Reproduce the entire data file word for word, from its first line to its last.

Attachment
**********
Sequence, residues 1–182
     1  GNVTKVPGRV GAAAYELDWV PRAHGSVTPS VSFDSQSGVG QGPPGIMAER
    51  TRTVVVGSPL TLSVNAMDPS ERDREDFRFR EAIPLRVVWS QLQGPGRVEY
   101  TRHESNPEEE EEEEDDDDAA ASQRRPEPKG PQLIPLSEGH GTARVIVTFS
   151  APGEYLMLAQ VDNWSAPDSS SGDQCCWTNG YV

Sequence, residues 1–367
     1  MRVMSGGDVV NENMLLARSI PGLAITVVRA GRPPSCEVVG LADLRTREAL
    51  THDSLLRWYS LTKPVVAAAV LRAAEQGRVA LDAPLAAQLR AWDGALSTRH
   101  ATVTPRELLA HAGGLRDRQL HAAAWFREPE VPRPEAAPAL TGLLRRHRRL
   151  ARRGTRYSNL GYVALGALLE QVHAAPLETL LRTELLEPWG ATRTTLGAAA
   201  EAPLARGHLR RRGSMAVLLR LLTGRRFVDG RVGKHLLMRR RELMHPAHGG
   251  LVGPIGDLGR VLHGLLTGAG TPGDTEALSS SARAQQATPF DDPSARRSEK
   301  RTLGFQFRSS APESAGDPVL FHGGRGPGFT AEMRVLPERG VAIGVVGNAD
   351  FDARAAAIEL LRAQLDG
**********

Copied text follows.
Sequence, residues 1–182
     1  GNVTKVPGRV GAAAYELDWV PRAHGSVTPS VSFDSQSGVG QGPPGIMAER
    51  TRTVVVGSPL TLSVNAMDPS ERDREDFRFR EAIPLRVVWS QLQGPGRVEY
   101  TRHESNPEEE EEEEDDDDAA ASQRRPEPKG PQLIPLSEGH GTARVIVTFS
   151  APGEYLMLAQ VDNWSAPDSS SGDQCCWTNG YV

Sequence, residues 1–367
     1  MRVMSGGDVV NENMLLARSI PGLAITVVRA GRPPSCEVVG LADLRTREAL
    51  THDSLLRWYS LTKPVVAAAV LRAAEQGRVA LDAPLAAQLR AWDGALSTRH
   101  ATVTPRELLA HAGGLRDRQL HAAAWFREPE VPRPEAAPAL TGLLRRHRRL
   151  ARRGTRYSNL GYVALGALLE QVHAAPLETL LRTELLEPWG ATRTTLGAAA
   201  EAPLARGHLR RRGSMAVLLR LLTGRRFVDG RVGKHLLMRR RELMHPAHGG
   251  LVGPIGDLGR VLHGLLTGAG TPGDTEALSS SARAQQATPF DDPSARRSEK
   301  RTLGFQFRSS APESAGDPVL FHGGRGPGFT AEMRVLPERG VAIGVVGNAD
   351  FDARAAAIEL LRAQLDG